Barnes: Stories that matter
Thinking back over my first 88 years, I cherish the stories that have impacted, invigorated and brought joy to my life. I invite you to reflect and remember some of yours with me.
Can you recall those times when your son, daughter or grandchild asked you to read them a story?
And you did, choosing one, perhaps, from a book that you enjoyed as a youngster. One of my favorites was “The Velveteen Rabbit”.
Then there were those special evenings when you were asked to “Tell me a story!”
Now here is a more challenging request. “From your lips,” the child is saying, “share with me one of your stories.”
What a wonderful opportunity that request presents us! Either we can make one up using our imagination or share with the youngster a tale from our past.
While tapping the resources dwelling in part of our mind can be fun and entertaining, the more personal and meaningful source for potentially exciting yarns lies within our own experiences.
For each of us has wonderful stories to tell.
We may not be born with the gift of storytelling, but we can learn. We can become skilled tellers of stories if we choose to.
It is as Jean-Paul Sartre wrote: “... a man is always a teller of tales, he lives surrounded by his stories and the stories of others; he sees everything that happens to him through them; and he tries to live his own life as if he were telling a story.”
Each family carries within it an elaborate collection of stories that spell out rituals, rites of passage, realities and myths, which make a particular family history unique. Some of our memories are significant, possessing important consequences. Others have far less import.
And some of the memories we’ve held onto are weird! As a boy of 9 I recall spending a weekend on a small farm in Kansas “helping” my aunt and uncle tear down their outhouse and build a new one. No youngster who had that experience could ever forget it! Then there was the annual American Royal (think Rodeo) parade when for four years our high school band marched just behind the horses and none of us took our eyes off where the kid in front of us was walking. Of course, this was when Kansas City had a downtown, which is another story altogether!
Then there was our neighborhood where there were several caves which (we knew) Jesse and Frank James hid after robbing Kansas City banks. Oh the stories we invented as we took turns being Jesse and Frank.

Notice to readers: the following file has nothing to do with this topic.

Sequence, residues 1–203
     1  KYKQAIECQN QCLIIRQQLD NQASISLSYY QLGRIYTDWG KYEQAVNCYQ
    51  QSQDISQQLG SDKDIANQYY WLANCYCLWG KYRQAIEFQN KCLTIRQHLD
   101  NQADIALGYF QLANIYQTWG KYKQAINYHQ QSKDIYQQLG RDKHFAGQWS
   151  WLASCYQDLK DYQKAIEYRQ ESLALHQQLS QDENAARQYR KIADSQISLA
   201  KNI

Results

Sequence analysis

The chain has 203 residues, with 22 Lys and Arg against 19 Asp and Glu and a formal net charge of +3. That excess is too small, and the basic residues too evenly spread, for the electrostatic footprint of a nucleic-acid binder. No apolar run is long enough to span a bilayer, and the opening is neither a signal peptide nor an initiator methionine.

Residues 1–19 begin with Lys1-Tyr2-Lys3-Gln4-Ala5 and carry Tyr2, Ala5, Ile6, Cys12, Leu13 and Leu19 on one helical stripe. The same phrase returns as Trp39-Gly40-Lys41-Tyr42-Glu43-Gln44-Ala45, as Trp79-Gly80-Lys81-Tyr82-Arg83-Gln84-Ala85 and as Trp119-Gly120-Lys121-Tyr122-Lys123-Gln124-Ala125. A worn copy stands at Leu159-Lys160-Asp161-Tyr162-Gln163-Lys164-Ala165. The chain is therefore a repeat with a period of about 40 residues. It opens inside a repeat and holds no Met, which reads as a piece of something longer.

But there were stories of consequence as well.
One side of my family came to the U.S. from Germany. During World War II, my grandparents hid their heritage. In fact, my great grandmother who spoke only her native language chose not to leave her home during those years, fearful that discovery would jeopardize her safety.
My best friend during those long war years was Jewish. How fascinating and educational for me to be invited into his home and listen to discussions about what was happening in Germany to his relatives. Family stories seemed unbelievable at the time.
Then came an awareness of segregation in my city. I was too young to comprehend the magnitude of what was happening, but I knew it was wrong.
In later years during the 1960s, I listened to stories of racial hatred and discrimination from the Southern states. They too stretched my beliefs until I went south with my family, taught at a Negro University in Alabama in the summer of 1964, and experienced parts of the same scripts southern friends shared with me. There and then I developed my own stories.
Within a family, a person’s place is defined by the script the family is writing. My friend, John, was destined to become a lawyer because his father wanted him to enter his practice. I remember Susan, whose mother decreed that she would marry a college boy, become a mother to at least three children, and spend her life in volunteer activities. The mother wanted her own script repeated.
But my friend David was determined to write his own story. He rose above the miserable drug-related script his parents were fashioning for the family and became a success in business.
Each of us can review the narrative account of our lives, toss out the trash and hold fast to the treasures that enrich our lives. It is in our personal stories that we find meaning. And it is in sharing our stories with others that we discover who we are.
So when a youngster asks, “Would you read me a story?” consider responding with “How about if I tell you a story?”
You might begin, “Once upon a time when I was just a little older than you ...”